inspiration where you find it

Yesterday I had the chance to watch a great documentary, called 'Rivers and Tides'. It's about a Scottish sculptor named Andy Goldsworthy and the creativity exercises he does. He goes outside and makes art with natural objects, sometimes deliberately placing them where they will be destroyed when the tide comes in, or the wind comes up. He makes beautiful, if temporary pieces this way. Rent the movie and watch it.

Today is one of the first warm spring days here in Illinois, so I took a walk and tried it. This piece was made by gathering oak bark and twigs in a small area, and laying them out ala a log cabin. I made three pieces in all, the biggest around 12" square. It's a very freeing exercise to stimulate creativity--because I knew it probably wouldn't be there tomorrow, and because all the supplies were free, I just played. It would be very easy to enter a meditative state doing this. Try it.

The other thing I have been doing on my walks is taking pictures of the cold patches on the asphalt--for some reason I keep seeing one of my personal symbols, the kayak, on the road...haven't figured out what to do with them, but they're cool I think.


Dance of the Blue Slash

Sometimes I intentionally work in series, exploring a certain idea, exploiting the same inspiration. Sometimes I find a series when I'm two or three pieces into it, when I lay the pieces side by side and realize the connection. Sometimes I've forced things into a series for expediency, as in the planning for my website (soon to be coming to a cyberspace near you). And sometimes the series just explode into my studio, linking the pieces together with some kind of synergy springing from my artistic brain, bypassing my scientific brain.

The Dance of the Blue Slash series is a prime example of the last kind. It began on the kokopelli quilt I discussed before, where the unfinished piece needed some bright blue pieces. I dyed a piece of silk the right color, and fused part of it. I cut off the pieces I needed, and they worked. But I had cut more than I needed, and so there were extras laying on the chest right beside my design wall.

So the March buckeye piece came along, and needed a border. The blue slashes jumped over and formed the border.

Next came an abstract view of the hills around me in their winter dullness...it needed the blue, too, five tiny pieces on the surface, floating in the space between the hills.

Fourthly, there was a piece of silk I had painted abstractly from a memory of the wooded riverbank in late fall--greys, rusts, some blues and a touch of yellow here and there. Although I had added some texture to the piece by pleating it, the piece was unfinished. Until the blue slashes said, hey, make us long and skinny and we'll fit between the pleats and spark the piece up. They do. I currently am trying to fight the fact that this piece would like to be in a windsock shape with a light inside of it--being silk, it glows...the mechanics of that are still giving me pause.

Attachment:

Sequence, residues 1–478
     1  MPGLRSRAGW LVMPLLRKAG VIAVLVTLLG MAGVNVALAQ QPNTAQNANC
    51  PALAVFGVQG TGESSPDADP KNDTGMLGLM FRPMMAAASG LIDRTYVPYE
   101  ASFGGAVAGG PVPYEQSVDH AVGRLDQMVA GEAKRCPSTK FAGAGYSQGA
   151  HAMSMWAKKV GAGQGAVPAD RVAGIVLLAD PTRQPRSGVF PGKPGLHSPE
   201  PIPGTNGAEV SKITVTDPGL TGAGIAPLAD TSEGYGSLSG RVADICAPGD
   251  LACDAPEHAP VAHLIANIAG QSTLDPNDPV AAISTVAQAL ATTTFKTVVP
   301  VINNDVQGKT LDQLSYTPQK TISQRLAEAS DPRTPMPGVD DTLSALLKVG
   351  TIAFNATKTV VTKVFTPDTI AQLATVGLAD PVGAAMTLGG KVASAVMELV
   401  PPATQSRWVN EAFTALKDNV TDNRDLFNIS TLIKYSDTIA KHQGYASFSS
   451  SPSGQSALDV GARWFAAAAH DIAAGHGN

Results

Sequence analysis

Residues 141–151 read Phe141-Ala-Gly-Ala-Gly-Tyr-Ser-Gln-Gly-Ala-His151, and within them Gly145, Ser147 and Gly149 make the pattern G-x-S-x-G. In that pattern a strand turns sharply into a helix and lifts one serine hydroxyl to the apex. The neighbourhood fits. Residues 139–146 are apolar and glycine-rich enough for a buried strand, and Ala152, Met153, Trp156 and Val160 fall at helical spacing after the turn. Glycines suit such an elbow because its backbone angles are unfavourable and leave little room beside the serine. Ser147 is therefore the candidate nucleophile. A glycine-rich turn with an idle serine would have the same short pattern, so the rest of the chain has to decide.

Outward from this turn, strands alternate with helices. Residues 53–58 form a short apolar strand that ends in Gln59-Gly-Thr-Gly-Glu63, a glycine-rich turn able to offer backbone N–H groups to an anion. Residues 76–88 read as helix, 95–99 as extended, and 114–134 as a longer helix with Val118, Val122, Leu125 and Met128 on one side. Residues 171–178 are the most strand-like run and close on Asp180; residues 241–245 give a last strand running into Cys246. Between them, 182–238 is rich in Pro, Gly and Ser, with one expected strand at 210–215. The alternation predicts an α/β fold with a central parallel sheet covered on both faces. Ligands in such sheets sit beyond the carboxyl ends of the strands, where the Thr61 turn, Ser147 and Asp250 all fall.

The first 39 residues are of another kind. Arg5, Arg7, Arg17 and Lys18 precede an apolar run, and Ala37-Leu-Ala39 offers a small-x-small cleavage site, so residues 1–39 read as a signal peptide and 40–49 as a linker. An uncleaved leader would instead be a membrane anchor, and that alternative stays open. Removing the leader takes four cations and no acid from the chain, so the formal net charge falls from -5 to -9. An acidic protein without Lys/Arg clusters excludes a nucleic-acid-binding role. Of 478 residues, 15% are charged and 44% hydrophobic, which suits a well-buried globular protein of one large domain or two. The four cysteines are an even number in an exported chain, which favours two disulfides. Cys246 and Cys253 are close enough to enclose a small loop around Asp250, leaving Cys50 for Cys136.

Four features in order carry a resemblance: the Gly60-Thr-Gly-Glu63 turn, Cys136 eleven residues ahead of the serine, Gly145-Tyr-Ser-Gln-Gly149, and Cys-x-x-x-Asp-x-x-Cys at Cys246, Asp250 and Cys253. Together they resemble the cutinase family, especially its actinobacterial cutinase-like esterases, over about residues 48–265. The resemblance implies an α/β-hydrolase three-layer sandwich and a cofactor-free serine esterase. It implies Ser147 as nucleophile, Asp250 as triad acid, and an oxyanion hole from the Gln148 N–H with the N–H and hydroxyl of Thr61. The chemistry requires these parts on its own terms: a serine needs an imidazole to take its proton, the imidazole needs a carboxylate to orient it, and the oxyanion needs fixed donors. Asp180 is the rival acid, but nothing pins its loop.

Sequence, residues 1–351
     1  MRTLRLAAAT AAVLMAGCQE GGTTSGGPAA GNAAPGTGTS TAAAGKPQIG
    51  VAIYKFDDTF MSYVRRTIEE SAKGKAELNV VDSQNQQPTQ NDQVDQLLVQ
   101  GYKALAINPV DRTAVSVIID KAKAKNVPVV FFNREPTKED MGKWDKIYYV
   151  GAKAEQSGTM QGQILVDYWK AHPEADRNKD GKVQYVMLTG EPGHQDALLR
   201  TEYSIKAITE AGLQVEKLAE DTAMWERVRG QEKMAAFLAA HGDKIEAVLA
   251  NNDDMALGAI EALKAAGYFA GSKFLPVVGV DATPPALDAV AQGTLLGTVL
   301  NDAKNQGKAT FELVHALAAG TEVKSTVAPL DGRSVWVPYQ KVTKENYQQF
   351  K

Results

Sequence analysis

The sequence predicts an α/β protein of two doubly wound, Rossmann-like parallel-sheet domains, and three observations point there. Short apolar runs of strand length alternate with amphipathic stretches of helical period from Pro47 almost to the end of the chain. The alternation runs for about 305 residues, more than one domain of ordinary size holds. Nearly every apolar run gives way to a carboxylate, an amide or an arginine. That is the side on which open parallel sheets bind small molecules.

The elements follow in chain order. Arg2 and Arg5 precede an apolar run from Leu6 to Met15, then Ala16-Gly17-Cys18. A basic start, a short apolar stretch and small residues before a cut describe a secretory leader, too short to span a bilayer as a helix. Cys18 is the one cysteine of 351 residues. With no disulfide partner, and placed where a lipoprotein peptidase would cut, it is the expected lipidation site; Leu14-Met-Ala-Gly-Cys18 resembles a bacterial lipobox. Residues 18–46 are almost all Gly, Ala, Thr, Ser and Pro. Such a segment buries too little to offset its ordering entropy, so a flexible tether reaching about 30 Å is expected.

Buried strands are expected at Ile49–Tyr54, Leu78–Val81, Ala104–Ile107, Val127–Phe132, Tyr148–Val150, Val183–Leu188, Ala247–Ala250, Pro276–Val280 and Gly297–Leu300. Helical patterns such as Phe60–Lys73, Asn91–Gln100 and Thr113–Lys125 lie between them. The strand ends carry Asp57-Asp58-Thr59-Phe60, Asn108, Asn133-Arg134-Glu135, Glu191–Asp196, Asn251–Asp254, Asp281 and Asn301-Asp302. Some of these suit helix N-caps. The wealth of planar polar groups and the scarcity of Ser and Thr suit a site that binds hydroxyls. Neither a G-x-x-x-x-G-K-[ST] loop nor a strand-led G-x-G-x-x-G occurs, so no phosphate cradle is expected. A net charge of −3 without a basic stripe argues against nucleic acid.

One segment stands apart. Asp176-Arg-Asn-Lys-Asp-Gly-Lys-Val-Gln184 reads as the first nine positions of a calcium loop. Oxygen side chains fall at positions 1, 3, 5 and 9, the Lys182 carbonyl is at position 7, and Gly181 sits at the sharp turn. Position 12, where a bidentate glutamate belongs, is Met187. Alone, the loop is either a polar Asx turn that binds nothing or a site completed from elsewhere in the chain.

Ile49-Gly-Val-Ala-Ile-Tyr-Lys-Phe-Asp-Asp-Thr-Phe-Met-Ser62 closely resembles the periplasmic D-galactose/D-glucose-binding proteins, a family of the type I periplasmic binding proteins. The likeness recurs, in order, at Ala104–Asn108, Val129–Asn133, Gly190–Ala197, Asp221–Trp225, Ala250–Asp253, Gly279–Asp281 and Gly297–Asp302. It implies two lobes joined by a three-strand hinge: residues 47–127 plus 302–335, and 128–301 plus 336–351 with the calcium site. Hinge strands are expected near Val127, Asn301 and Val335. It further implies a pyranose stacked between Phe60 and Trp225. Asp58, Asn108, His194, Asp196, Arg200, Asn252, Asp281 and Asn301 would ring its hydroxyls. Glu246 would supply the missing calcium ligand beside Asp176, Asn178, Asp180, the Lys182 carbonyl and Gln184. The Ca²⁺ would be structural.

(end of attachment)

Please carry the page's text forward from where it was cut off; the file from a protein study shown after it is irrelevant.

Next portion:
And fifthly, there was a small practice piece that has been kicking around for months. It is a prime example of more is more, having every technique I've been using lately on it almost. But it wasn't quite right, not finished. The small blue slashes danced on to it, and found a home. The piece is now quilted and ready to mat. The edges are uneven and ravelling, but I like it now.


March Buckeye

Spring is finally coming to the midwest, slowly but surely. The temperatures are milder, the grass is greening up, migratory birds have returned.
I decided that this month I wanted to use an actual photo of the buckeye as a basis for the piece. When I went outside to shoot it, I discovered the swelling buds were calling my camera. This closeup has been cropped and manipulated in Photoshop Elements, and printed on silk. I then fused it to a neutral piece that was slightly larger.
These scraps of sky blue were left over from the moon dance piece I talked about last time, and they make a good border--kind of like the sky peeking out with that intense blue we only get at this latitude in spring and fall.
I've been taking a course at Quilt University in using new, nontraditonal stuff. Through that I got entrapped the last few days with transparent ribbon--I'm trying to put it on everything. I used it as a binding on the knots piece (a dark blue that finishes the piece but lets the varigation in the fabric underneath show through), as a border on another piece. And now as strips across this piece. And as part of the beads.

Anyone who knows my art work well would tell you that I am fascinated by the effects of fire and heat on things. I frequently burn the edges of silk, and now I have added melted ribbon to the mix. The strips were first disperse dyed, then sewn in place. Then I melted them with a heat gun hovering over them. I then quilted the background, I wish I had done that before the strips were added, but these pieces are the equivalent of sketches--I learn from the doing, I don't redo them unless they really don't come out (hence the cutup earlier version of this picture currently residing in my stash of bits and pieces).
Wanting to add a dimensional touch, this morning I got the idea of trying to make rolled beads out of the ribbon. I rolled a short length around a wooden skewer, and added some small pieces of another sheer organdy on top. After pinning the ends in place, I went at it with the heat gun. It fused the layers together, and added texture at the same time. The base ribbon has a yellow edge on it, so when I was done the beads echoed the shape of buds on the buckeye.

March is a changeable time in the midwest, 60 one day, 30 the next. Grey one day, clear and windy the next. But it is a time when hope returns, when life returns. By next month the buckeye will probably be in full bloom, I'll be mowing, be outside without a coat. That will be good.